The PREFU paints a pretty dismal picture of the economy, as many commentators were quick to point out. Here’s Duncan Garner:
Pre-election fiscal update paints bleak picture
The Government has opened the books today in what’s called the pre-election update to give all the parties a look at the true state of the economy. None of it is particularly pretty …
Economic growth will average 3 percent for the next three years on the back of the rebuild – and it fails to peak at 4 percent like Treasury predicted in the budget.
This year’s $18.3 billion deficit will be wiped out within three years, and the Government says it hopes to post a $1.5 billion surplus by 2014/1015 – but only by doing some serious slashing in Government spending. It’s Bill English code for “cuts are coming”. “It’s really been in the last budget that we signalled fiscal tightening,” he says, “and over the next three years you will see a rapid fiscal tightening – the largest New Zealand has seen for some time.” …
So Mr English himself said today hopefully we can muddle through this talk of a second recession – hardly confidence-inspiring stuff.
Two things on slashing spending. (1) It makes things worse, not better. (2) It ignores the elephant in the room, that the government has the alternative option of raising its revenue (e.g. via increases in top tax brackets and broadening the tax base with a CGT, both Labour policies). That’s all business as usual under the Nats of course. But for some truly scary reading, see Tracy Watkins:
Grim forecast for New Zealand’s finances
After Treasury opened the books on yet another gloomy forecast, it is tempting to ask whether things could get any worse. Well, yes, is the short answer. In a case study presented by Treasury in today’s Pre-election Fiscal Update (prefu) as one extreme scenario, we are caught in a downward spiral that ultimately results in the Government being so bust it can’t pay its bills. …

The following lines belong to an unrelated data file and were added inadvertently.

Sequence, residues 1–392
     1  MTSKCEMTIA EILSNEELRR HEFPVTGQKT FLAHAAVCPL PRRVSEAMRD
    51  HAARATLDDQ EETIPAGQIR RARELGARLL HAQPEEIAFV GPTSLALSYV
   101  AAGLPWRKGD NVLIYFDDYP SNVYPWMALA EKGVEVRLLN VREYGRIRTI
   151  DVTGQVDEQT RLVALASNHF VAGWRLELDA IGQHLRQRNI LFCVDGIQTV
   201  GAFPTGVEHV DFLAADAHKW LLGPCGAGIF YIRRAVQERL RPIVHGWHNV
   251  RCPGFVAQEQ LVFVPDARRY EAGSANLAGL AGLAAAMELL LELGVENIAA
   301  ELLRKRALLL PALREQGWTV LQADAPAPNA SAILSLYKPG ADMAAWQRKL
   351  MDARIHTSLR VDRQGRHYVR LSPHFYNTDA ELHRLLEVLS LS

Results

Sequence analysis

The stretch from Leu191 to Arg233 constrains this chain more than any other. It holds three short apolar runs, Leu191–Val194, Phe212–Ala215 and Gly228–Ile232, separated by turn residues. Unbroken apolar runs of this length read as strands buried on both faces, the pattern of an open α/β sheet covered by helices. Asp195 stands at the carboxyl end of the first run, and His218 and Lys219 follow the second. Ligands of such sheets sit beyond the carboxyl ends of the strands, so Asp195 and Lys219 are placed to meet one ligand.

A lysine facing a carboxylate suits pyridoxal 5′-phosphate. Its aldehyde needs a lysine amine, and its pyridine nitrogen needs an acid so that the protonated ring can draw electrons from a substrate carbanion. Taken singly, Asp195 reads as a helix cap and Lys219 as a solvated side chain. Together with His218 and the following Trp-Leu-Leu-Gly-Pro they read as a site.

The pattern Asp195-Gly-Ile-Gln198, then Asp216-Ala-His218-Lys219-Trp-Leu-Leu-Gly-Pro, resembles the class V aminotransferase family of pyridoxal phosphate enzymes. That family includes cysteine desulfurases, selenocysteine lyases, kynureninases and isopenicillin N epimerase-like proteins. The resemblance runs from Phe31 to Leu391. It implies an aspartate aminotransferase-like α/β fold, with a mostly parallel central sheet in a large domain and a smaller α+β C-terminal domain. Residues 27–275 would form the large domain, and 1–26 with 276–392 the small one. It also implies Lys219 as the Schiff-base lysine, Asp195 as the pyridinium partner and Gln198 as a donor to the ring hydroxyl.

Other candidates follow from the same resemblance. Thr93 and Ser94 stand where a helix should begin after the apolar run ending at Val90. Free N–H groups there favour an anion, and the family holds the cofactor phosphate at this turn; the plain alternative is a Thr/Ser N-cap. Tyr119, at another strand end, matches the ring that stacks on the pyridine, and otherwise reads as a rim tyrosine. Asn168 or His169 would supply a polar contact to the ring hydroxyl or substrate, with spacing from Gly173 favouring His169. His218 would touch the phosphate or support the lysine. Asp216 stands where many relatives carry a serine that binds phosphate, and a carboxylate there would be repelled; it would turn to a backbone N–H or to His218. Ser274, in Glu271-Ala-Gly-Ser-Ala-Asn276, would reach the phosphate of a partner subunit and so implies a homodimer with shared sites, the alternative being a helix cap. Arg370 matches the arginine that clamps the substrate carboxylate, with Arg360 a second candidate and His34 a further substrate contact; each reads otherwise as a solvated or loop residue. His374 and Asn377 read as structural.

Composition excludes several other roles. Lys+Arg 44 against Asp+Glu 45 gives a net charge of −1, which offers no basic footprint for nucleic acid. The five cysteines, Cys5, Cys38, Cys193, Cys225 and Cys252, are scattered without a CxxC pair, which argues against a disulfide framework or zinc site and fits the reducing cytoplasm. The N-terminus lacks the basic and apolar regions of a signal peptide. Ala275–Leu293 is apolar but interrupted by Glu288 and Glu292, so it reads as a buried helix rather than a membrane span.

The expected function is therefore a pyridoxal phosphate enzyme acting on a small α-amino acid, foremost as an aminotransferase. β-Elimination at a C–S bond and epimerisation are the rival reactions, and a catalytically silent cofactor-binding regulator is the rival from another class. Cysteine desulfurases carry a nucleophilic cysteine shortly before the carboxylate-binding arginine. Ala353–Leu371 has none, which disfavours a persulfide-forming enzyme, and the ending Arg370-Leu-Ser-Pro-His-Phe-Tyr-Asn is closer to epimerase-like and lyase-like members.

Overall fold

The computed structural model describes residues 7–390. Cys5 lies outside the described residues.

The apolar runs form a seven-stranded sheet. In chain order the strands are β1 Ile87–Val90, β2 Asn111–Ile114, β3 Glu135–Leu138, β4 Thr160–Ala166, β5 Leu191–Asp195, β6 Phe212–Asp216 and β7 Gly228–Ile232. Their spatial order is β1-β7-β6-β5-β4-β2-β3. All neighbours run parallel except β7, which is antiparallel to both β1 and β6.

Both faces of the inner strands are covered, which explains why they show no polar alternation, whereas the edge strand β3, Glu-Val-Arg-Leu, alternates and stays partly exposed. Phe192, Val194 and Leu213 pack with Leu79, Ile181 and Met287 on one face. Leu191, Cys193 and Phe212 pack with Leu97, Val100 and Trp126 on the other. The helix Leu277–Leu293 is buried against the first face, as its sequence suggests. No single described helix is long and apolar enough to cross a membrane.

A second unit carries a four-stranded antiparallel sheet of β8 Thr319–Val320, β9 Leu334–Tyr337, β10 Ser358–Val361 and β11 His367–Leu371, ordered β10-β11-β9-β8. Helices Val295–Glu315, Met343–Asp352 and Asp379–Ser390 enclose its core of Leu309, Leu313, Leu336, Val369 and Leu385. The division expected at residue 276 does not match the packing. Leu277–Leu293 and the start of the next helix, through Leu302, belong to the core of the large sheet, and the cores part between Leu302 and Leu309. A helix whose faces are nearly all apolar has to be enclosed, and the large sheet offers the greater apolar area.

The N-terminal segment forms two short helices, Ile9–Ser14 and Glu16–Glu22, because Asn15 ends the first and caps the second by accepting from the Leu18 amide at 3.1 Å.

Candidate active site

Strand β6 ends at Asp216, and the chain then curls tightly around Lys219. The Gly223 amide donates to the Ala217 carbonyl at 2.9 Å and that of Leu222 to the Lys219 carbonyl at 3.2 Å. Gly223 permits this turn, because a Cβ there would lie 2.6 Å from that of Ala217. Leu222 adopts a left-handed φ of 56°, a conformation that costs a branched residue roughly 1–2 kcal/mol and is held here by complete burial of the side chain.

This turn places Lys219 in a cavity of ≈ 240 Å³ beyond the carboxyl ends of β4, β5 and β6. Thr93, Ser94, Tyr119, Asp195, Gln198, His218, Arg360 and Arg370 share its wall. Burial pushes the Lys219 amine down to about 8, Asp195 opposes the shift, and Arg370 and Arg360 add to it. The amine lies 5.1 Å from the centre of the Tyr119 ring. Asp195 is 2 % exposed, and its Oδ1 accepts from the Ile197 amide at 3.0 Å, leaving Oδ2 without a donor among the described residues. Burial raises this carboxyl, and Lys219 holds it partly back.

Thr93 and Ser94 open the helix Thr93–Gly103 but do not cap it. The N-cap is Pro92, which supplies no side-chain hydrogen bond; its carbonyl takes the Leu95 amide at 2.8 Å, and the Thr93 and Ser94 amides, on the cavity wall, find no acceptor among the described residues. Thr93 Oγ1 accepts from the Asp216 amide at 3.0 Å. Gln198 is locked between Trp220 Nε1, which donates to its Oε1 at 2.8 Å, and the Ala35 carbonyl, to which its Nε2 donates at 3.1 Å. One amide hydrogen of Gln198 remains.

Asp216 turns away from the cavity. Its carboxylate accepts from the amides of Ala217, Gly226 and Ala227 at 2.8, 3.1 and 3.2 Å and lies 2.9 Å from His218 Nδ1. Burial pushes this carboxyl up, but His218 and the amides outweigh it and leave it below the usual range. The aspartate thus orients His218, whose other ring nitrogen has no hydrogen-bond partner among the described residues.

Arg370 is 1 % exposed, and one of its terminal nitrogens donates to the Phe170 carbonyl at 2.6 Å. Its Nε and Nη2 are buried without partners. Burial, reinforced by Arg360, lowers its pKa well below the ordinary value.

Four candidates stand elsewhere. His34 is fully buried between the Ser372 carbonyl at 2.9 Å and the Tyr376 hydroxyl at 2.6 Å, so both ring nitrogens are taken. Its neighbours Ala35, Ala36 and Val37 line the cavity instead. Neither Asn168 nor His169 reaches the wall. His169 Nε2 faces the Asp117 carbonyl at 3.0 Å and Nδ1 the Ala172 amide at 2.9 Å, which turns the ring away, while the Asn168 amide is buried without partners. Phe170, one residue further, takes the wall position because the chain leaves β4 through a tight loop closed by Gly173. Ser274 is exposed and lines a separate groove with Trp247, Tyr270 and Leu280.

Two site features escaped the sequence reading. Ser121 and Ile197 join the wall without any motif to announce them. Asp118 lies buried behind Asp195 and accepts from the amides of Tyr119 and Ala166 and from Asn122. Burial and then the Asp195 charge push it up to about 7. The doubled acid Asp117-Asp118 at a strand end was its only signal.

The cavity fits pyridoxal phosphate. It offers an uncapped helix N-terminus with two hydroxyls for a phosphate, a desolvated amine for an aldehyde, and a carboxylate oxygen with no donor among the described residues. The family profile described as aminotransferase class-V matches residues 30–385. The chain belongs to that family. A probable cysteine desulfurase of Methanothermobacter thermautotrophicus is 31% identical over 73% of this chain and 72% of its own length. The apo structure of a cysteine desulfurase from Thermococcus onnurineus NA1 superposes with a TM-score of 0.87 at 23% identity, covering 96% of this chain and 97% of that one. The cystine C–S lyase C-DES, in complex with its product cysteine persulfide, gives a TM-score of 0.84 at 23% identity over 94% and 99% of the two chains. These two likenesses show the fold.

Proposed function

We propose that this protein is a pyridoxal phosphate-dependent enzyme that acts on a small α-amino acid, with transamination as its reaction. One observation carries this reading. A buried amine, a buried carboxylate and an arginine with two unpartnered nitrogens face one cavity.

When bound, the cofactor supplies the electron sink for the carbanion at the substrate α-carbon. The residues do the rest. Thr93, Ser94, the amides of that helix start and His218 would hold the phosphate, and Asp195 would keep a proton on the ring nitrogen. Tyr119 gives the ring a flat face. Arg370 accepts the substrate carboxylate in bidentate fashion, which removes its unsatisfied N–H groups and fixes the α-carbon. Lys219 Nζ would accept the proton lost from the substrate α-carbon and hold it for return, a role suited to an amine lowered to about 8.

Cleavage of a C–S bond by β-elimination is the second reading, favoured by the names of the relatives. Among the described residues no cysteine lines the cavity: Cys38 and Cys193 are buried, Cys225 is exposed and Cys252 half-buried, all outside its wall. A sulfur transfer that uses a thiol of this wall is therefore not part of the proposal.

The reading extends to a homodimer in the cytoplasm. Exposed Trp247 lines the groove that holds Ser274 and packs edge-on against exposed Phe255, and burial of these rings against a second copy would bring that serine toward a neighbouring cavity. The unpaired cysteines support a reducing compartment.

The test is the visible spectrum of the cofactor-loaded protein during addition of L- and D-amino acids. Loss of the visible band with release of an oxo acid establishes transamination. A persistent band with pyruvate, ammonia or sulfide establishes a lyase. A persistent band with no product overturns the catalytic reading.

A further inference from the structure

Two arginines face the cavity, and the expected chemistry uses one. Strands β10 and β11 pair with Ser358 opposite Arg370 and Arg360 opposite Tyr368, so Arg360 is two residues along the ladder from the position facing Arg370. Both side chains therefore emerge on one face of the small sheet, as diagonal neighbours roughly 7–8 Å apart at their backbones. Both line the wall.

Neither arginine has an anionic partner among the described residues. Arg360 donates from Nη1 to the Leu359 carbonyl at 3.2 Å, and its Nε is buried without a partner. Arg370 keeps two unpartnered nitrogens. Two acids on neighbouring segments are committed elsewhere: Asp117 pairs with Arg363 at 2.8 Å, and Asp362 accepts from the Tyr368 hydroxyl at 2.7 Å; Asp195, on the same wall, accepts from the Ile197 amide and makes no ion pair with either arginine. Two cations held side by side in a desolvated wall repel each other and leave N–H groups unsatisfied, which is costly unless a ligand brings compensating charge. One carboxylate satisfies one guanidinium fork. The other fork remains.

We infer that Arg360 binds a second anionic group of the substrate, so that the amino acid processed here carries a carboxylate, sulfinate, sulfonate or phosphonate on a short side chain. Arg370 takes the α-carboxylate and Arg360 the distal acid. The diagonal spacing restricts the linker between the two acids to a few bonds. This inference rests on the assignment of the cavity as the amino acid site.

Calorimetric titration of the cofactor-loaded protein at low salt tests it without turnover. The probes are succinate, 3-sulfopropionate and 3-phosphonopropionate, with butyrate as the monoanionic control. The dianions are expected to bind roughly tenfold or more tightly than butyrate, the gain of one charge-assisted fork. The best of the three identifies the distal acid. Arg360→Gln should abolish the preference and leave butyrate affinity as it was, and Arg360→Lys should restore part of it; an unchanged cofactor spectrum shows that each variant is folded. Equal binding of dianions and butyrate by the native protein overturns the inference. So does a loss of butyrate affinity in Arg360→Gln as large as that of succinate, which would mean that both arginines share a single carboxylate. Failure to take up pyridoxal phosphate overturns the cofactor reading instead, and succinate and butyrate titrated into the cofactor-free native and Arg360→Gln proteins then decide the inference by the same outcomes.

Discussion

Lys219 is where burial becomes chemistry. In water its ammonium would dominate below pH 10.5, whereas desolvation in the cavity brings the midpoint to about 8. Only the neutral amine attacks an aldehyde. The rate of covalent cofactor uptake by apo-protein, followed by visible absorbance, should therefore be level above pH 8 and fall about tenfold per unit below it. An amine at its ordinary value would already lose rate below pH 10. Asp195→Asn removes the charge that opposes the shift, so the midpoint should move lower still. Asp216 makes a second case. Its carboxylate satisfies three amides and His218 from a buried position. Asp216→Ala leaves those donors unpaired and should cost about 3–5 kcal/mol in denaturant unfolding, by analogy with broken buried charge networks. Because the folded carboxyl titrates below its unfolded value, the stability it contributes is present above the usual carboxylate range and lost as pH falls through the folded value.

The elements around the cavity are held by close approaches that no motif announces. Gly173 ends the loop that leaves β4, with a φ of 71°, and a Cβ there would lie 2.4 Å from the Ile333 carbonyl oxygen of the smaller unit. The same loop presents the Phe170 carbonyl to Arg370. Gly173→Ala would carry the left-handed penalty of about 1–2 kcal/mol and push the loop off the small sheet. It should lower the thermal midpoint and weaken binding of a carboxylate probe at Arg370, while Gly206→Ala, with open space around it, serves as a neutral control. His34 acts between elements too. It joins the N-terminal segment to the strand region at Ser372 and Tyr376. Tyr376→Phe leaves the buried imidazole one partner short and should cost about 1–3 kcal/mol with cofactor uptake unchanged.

Under its downside scenario, a failure on the part of Governments to contain the Euro crisis, causes a severe disruption to global funding markets, and a prolonged period of “sub-potential growth” in the global economy. …
In the “one in five” downside scenario painted by Treasury, a protracted global recession sparked by the euro zone crisis, coupled with the limited ability of countries to support their economies through fiscal and monetary policy as they did in 2008, affects exports and tourism, leading to a rapid deterioration in the current account deficit, lower tax revenue and a $14.5 billion hole in tax revenue by 2016. Under this scenario, core crown debt also rises steeply, to 35 per cent of GDP in the year ending June 2016.
Treasury does not overstate the risk of this “downside to the downside” scenario occurring but notes: “Overall historic forecasting performance suggests that there is at least a one in five chance of an outcome worse than that captured in the downside scenario. Indeed there are a number of risks for the economy over and above those captured in the scenario.”
A one in five chance of a Eurozone crisis, which triggers a worst case scenario? I wonder if anyone in Treasury has been keeping an eye on the headlines recently:
Financial crisis has world teetering on the brink
As Greece faces default, where is Europe’s firewall?
Eurozone ‘is heading for recession’
Eurozone recession may have already started
Eurozone crisis is dragging UK into double-dip recession, warns Bank of England expert
Britain in grip of worst ever financial crisis, Bank of England governor fears
Crisis In Europe Puts Global Economy In Danger
Eurozone debt crisis: 5 days to save world economy from catastrophe
And on and on and on it goes. With all due respect to Treasury, their estimate of one in five odds looks like it was made with their heads stuck firmly in the sand. We should be preparing for the worst case scenario now. And we really can’t afford to leave it to these useless, unimaginative, slash and burn Nats to face this challenge.